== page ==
Based on the novel by the same name, My Summer Of Love explores a relationship between two young women who come from opposite social class backgrounds. Mona (Natalie Press- Red Road) comes from a working class background and lives above the run down pub ‘The Swan’ who her brother Phil (Paddy Considine- The World’s End, The Bourne Ultimatum, Submarine) is turning into a place of God. Tamsin (Emily Blunt- The Devil Wears Prada, Looper) is a girl from a wealthy middle-upper class background who has returned home due to becoming suspended from her boarding school. While Tamsin’s parents leave her alone through most of the summer, Mona’s brother is the only remaining member of her family who has recently been released from prison. When the two girls meet and begin to talk about their personal lives at Tamsin’s home Mona appears to have an emotional connection to Tamsin when Tamsin reveals her sister died of anorexia while Mona’s mother died of cancer.
The girls begin to connect and develop a relationship where the each of the girl claims she will kill the other if they deserve to leave one another. Meanwhile Mona struggles to retain the relationship between her and her brother because of his new found religious beliefs. While both girls thrive to be loved their relationship is to be torn apart as secrets are revealed.
My Summer of Love is filled with dazzling shots of British landscapes complimented by the glowing sun which is the best of British summers that really attract positive attention to the countries weather when Britain is often known for it’s rain and bad summers which isn’t shown in British films such as My Summer of Love, Submarine and even Bridget Jones’s Diary in some ways. There are often shots where the sun is strikingly bright and creates a yellow light that feels somewhat hazy and like a utopia of British life as the girls live careless and free, riding down country roads on a cheap motorcycle, swimming in exotic forest rock pools and lazing in grassy fields day talking about running away to another country; it’s a dream.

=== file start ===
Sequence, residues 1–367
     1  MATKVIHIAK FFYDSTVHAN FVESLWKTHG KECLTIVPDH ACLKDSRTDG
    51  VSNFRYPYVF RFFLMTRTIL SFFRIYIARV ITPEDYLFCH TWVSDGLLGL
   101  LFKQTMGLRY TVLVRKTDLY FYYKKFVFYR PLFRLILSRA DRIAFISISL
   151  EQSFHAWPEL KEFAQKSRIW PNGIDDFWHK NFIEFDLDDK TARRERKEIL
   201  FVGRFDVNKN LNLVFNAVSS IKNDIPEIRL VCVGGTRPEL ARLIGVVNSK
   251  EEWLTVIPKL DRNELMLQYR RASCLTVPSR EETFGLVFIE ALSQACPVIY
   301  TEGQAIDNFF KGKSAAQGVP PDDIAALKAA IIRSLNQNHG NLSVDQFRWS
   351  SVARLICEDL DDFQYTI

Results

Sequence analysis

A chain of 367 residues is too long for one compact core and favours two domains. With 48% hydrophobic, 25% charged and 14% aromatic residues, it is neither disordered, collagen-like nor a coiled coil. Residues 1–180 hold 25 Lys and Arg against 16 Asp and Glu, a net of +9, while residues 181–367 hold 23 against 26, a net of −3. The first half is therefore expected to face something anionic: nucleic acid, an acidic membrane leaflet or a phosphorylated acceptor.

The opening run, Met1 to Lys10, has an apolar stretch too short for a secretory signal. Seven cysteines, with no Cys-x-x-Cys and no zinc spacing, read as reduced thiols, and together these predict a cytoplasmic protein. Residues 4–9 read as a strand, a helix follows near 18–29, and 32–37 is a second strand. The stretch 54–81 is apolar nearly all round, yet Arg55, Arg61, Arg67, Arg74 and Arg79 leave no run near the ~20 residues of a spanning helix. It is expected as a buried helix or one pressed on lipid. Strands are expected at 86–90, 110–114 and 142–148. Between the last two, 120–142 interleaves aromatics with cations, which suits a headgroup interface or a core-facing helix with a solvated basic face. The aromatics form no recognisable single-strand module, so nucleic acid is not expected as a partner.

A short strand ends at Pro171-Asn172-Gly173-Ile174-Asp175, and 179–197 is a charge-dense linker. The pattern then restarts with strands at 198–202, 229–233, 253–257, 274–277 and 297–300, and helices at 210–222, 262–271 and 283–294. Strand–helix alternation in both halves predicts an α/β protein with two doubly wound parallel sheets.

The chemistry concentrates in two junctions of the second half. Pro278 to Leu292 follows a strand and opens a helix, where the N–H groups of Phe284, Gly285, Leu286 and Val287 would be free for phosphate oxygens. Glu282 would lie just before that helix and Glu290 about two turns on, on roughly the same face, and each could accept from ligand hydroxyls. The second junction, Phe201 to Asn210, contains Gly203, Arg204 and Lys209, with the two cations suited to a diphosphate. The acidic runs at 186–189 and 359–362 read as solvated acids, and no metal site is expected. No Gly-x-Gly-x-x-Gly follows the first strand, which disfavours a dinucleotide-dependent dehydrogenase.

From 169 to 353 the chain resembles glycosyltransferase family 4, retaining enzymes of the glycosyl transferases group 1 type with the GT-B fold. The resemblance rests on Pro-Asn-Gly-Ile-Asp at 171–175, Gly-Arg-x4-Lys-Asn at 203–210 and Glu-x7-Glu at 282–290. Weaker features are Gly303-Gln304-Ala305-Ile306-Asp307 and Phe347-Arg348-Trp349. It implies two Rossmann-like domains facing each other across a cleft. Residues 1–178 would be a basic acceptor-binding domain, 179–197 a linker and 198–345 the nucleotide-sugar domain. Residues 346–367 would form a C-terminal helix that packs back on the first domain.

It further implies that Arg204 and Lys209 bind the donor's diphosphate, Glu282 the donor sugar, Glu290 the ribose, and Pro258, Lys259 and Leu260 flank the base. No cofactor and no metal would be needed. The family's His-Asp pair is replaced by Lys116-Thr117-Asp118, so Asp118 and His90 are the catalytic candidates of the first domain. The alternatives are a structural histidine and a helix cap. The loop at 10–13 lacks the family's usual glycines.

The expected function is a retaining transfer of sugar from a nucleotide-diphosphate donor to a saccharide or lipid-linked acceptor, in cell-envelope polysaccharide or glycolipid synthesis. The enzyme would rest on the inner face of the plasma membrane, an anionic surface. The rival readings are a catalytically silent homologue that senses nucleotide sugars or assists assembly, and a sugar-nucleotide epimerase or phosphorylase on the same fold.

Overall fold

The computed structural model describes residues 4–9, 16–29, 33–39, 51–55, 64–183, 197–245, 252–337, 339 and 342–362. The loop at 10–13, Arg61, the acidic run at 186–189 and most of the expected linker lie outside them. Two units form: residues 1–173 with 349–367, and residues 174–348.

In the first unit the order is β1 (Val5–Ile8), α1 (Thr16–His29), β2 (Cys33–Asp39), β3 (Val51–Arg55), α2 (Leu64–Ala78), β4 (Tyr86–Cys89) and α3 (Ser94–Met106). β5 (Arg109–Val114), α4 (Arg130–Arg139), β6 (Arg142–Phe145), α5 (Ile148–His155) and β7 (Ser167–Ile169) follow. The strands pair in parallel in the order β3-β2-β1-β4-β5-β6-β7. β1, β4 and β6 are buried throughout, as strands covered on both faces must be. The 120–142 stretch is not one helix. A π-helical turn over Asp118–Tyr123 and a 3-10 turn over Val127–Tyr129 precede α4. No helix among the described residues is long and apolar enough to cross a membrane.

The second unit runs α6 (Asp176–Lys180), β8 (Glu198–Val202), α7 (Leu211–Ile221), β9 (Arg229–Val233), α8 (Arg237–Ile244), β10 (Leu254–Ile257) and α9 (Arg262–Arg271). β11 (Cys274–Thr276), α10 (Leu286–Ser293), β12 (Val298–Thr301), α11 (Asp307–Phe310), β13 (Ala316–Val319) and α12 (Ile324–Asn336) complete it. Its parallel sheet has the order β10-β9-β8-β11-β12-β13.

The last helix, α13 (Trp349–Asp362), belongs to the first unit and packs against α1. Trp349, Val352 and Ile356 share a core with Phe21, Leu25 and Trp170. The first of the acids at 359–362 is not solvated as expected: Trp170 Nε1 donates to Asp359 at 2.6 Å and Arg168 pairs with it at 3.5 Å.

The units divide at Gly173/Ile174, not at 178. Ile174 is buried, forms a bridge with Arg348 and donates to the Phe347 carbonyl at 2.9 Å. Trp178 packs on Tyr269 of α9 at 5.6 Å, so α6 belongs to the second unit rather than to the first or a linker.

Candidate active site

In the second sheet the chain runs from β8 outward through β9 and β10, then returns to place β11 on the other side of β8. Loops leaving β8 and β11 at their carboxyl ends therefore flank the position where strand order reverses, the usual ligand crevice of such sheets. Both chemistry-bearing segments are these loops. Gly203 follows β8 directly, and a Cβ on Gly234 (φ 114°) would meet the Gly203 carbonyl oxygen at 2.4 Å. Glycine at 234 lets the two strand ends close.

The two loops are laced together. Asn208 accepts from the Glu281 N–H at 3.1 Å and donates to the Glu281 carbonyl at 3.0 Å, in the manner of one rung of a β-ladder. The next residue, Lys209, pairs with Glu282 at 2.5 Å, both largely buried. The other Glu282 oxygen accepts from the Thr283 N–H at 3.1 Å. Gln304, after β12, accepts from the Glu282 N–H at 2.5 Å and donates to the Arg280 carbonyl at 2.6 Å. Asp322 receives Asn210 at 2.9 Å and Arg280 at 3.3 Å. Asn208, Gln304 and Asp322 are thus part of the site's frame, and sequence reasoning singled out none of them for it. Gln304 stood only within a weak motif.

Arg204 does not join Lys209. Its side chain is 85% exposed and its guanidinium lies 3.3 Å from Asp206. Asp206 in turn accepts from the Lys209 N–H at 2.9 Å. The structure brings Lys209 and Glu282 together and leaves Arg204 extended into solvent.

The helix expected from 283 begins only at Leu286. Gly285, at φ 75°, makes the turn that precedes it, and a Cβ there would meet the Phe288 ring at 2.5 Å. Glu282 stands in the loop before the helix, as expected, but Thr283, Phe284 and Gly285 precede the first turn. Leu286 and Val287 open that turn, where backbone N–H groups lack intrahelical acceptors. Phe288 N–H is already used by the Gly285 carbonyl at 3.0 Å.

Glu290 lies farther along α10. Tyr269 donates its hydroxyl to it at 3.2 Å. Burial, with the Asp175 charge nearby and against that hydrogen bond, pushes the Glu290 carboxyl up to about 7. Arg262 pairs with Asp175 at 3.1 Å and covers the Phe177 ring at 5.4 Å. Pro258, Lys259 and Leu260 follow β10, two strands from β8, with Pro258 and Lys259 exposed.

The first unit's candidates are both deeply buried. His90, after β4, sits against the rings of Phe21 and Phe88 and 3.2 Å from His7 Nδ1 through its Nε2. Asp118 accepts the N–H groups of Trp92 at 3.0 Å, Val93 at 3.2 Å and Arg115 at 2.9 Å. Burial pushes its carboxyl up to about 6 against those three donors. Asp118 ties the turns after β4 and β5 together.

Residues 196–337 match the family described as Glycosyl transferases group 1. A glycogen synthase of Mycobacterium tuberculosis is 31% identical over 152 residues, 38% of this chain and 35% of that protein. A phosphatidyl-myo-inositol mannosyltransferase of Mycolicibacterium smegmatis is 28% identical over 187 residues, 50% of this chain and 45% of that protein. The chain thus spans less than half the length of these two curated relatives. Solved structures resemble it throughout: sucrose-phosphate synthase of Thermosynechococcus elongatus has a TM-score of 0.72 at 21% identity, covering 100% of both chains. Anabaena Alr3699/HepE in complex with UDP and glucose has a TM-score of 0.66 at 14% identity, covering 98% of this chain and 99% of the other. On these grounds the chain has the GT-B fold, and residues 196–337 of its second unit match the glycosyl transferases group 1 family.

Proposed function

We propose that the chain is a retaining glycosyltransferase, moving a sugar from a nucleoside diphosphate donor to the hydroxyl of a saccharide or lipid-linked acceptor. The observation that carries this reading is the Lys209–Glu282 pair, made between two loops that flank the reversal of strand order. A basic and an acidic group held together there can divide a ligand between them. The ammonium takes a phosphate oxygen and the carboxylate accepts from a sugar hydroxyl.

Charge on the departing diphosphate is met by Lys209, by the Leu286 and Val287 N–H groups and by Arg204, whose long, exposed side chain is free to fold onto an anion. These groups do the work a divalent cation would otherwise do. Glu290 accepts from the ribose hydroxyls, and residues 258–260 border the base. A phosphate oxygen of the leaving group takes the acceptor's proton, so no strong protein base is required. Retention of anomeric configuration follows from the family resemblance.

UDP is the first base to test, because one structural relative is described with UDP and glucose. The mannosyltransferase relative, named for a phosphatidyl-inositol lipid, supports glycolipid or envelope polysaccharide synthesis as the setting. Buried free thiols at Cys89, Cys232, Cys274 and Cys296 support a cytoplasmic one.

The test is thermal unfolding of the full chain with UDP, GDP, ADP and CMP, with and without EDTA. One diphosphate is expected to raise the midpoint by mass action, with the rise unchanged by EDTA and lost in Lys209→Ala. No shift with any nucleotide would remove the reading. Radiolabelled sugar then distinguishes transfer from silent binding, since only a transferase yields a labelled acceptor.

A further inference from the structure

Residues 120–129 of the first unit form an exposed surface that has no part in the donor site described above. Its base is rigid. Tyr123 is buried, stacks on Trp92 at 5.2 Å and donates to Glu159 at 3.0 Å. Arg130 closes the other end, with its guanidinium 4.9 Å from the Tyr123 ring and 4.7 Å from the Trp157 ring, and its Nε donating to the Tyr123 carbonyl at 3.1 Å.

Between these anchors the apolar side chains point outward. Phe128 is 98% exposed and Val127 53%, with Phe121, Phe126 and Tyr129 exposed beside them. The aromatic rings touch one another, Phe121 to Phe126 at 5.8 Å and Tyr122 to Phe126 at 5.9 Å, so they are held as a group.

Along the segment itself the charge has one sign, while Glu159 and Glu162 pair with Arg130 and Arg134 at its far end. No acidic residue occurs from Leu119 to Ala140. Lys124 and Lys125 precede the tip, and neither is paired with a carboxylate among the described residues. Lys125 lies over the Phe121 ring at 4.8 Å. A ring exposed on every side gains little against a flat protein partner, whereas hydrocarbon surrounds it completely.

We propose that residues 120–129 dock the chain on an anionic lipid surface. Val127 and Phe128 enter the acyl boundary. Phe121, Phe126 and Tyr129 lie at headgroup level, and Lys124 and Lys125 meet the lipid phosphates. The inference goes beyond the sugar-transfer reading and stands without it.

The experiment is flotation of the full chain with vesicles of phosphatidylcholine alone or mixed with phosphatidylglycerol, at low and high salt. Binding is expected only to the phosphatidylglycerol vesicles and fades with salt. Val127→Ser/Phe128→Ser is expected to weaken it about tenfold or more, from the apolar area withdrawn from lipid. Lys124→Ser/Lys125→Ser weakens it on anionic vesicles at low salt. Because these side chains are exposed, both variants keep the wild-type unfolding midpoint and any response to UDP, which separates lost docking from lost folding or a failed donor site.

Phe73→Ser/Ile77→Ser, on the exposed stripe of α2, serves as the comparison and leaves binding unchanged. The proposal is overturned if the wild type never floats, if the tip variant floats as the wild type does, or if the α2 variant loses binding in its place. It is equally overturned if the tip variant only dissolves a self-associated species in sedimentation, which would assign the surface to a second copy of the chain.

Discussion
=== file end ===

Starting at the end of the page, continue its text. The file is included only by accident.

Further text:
The performances by both leading actresses Press and Blunt are outstanding and Considine’s performance is equally as strong in a supporting role. Blunt appears confident as Tamsin who is strong minded, likes to cause trouble and describes herself as a ‘fantasist’. Press’s character Mona is also confident but develops her confidence much more throughout the film due to Tamsin’s actions that guide Mona to becoming more realistic, and perhaps guide her back to reality, more like the Mona that is shown at the beginning of the film when she tells Tamsin that he aspires to work in an abattoir, churn out kids with a bastard of a man, and wait for menopause or even cancer like her mother, but soon begins to fantasise about a different life entirely with Tamsin.
Winning a BAFTA award it’s easy to see why. The film stands out as a strong British film with notable British elements that are entertaining and traditional to British contemporary films in one sense, but are also quite repetitive and forgettable as the themes are becoming something seen time and time again. There is undoubtedly realist elements involved in the film that belong to British Film-making traditions of the early British new wave but they are combined with elements that we see in Hollywood drama’s also that makes the film slightly enjoyable for a wider audience. Along with solid performances from a British cast My Summer Of Love is an innocent representation of adolescent love. The film flows effortlessly through a tale of romantic and dramatic events that remains engaging throughout.